‘You got my letter.’ Kineas hated demanding hospitality, the lot of every exile.
‘Don’t be an idiot. Of course I had your letter …’
Other parts are more philosophical, with musings about the barriers created by differences in culture and education, the pains of language learning, the obligations of command, the nature of war, and the impossibility of choosing to forget some experiences.
Cameron’s eagerness to describe how things in the distant past worked and felt and smelled is a mixed blessing; his novels are vivid, but he has admitted to some big mistakes on his blog (is that one an argument for spending more time staring at Connolly paintings?) Sometimes I was unable to recognize a minor character, or notice that a new character had been introduced in the middle of a long passage of description. In a few places he has also hinted that while he is eager to learn from academic research, he does not believe that the limits of science are the limits of what can be known. The joy of this novel is the way it darts like a hummingbird between these different ways of thinking about the past- poetic inspiration, academic research, and the experience of a soldier and camper in a very different age- and takes what it can from each. Tyrant (Orion, 2008) is available on Bookfinder.
George Macdonald Fraser is the most accomplished wielder of variatio amongst the three. By alternating between descriptions of scenery and editorial musings about how certain characters and events should be understood he keeps any one from becoming dull. The character of Harry Paget Flashman gave him an excuse to tell stories about most of the adventurous parts of the 1840s, 1850s, 1860s, and 1870s. Flashman and the Dragon sends the title character to Nanjing at the height of the Taiping Rebellion then to Peking in 1860 as part of the treaty negotiations which later became known as the Second Opium War. Fraser has a similar attitude to the adventurous life to de Camp’s, so Flashman finds himself in danger as a result of bad luck and bad character and escapes through a mix of good luck, nimble application of his skills and equipment, and willingness to run away and abandon his partners. The joy of these novels comes from the exotic places and customs and characters he introduces, the offhand judgements of famous historical figures, and the sly pokes at 19th century novels (Flashman claims to be a character in Tom Brown’s School Days, the unacknowledged inspiration for the Prisoner of Zenda, etc.) The book is also available on Bookfinder.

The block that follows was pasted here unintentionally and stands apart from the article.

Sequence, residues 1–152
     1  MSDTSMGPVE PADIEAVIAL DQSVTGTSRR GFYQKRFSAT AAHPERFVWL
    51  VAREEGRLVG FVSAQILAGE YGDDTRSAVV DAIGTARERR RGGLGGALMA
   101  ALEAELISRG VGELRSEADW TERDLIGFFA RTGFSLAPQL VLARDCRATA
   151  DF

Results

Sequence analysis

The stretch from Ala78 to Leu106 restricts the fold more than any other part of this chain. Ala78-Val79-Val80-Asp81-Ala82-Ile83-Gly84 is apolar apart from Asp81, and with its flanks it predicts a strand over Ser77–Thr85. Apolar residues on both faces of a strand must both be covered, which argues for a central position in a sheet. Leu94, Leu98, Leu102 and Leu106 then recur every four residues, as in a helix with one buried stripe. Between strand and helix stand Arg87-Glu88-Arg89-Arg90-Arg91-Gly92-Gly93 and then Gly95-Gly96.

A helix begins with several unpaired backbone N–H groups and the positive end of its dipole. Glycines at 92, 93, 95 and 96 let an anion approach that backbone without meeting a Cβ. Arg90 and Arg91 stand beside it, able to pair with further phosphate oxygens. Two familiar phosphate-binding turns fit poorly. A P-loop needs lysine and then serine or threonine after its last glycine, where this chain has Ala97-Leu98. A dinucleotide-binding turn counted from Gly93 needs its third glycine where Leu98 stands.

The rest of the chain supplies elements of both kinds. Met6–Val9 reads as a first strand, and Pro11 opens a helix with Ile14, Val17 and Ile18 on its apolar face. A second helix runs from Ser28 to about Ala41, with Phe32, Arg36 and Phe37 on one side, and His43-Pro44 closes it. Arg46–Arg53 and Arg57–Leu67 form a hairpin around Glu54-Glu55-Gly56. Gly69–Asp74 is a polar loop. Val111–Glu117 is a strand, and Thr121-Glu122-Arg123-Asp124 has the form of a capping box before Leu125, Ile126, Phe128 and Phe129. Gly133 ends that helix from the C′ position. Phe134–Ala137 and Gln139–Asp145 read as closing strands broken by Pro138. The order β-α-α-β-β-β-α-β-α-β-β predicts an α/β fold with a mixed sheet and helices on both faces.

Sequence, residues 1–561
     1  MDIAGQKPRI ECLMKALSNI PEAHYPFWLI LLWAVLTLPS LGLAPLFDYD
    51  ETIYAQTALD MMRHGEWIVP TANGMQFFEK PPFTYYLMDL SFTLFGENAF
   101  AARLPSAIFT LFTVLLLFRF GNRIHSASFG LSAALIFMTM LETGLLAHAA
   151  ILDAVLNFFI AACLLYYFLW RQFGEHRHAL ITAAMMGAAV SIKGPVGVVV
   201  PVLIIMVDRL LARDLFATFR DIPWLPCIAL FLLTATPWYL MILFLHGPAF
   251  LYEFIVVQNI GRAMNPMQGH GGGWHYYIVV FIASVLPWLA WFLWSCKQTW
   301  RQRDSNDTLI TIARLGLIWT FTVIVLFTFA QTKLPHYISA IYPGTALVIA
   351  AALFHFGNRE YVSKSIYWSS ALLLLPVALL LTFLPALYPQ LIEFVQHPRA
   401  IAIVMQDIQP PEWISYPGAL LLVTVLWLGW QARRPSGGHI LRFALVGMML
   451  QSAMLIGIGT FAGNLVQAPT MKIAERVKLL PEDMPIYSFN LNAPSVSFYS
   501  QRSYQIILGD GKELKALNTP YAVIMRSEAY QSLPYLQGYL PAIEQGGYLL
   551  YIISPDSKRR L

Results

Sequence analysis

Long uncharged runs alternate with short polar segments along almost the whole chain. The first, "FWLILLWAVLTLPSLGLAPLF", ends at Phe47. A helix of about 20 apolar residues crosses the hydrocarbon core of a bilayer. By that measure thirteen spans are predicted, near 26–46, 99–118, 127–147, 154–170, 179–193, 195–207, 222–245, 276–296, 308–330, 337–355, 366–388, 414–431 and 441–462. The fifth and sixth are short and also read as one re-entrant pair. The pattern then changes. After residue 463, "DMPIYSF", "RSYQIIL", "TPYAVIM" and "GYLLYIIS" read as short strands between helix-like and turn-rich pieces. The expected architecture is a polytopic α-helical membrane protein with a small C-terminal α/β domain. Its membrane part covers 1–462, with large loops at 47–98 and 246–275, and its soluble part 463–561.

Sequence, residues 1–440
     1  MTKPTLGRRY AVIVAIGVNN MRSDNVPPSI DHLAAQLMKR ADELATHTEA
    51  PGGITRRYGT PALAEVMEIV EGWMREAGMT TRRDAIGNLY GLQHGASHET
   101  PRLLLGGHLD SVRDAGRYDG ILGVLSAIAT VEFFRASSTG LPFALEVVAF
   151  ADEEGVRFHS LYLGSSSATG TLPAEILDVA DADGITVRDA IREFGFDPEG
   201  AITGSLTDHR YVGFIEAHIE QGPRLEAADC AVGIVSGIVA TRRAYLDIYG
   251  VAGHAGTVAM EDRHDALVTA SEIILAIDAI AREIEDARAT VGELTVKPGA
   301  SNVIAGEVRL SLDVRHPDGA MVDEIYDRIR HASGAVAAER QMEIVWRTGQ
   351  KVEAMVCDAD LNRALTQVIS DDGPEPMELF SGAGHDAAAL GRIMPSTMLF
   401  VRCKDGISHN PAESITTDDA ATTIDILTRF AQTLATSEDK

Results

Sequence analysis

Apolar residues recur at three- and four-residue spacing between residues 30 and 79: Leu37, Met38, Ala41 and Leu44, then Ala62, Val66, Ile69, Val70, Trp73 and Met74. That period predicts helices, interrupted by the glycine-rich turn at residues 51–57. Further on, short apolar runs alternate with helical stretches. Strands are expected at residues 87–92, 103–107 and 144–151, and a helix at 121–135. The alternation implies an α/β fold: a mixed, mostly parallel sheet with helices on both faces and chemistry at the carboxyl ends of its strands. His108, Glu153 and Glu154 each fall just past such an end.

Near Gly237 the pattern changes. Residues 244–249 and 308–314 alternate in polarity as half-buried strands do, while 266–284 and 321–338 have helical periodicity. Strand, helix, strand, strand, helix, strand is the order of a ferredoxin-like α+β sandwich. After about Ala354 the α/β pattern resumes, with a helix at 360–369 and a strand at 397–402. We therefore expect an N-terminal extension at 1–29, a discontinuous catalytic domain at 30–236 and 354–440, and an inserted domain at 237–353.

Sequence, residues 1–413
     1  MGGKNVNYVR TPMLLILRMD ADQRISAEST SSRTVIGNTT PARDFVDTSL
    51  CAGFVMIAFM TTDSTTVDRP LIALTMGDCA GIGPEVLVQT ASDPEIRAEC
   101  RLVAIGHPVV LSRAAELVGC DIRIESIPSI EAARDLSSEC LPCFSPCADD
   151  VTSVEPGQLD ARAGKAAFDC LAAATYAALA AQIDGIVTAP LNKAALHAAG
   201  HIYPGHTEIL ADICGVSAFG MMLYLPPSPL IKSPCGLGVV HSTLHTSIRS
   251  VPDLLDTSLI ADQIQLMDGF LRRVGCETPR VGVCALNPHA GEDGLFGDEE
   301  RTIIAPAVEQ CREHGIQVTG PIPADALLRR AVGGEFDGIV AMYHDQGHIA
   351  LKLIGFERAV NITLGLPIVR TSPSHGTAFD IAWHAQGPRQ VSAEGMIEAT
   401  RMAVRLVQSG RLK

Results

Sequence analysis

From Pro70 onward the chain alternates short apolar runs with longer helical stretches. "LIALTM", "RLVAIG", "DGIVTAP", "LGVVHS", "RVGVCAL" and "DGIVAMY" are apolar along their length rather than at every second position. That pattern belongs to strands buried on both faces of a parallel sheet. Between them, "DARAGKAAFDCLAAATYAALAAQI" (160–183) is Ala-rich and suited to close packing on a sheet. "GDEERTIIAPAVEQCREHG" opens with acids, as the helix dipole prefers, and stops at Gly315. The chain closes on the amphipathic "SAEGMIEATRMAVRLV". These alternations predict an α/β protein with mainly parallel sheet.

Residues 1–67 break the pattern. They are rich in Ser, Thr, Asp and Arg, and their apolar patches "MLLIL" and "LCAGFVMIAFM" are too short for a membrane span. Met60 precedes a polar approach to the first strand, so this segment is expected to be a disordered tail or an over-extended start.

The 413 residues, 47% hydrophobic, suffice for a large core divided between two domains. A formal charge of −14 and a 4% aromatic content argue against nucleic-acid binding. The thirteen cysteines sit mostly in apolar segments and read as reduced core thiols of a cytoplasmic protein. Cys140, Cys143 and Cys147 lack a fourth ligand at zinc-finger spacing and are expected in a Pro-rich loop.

I feel like writing a historical novel set in the 19th century is cheating, since that period is ridiculously well documented in easy languages. Fraser could find almost all the details he needed in memoirs and the Illustrated London News, fleshed out with a little imagination and an unreliable narrator with an eye for the salicious detail. A nice touch are the ‘editor’s footnotes’ which earnestly explain which sources corroborate details of Flashman’s narrative, which can neither be corroborated nor contradicted, and which are contradicted by other sources. These are charming, while also addressing the problem that people have a hard time keeping things they learned from works of fiction and things they learned from nonfiction apart- yet a novelist who never says anything which is not a reasonable extrapolation from the evidence is unlikely to sell many copies.
If you enjoy my blog, there is a good chance that you will enjoy these novels. And they make this eccentric blogger want to meet the wonderful and unique people who created them, even if its too late to do so in the case of Fraser and de Camp. But like Herodotus, they live through their works, and the lively picture of humanity which those works create.
Edit 2016-05-12: s/salubrious/salicious;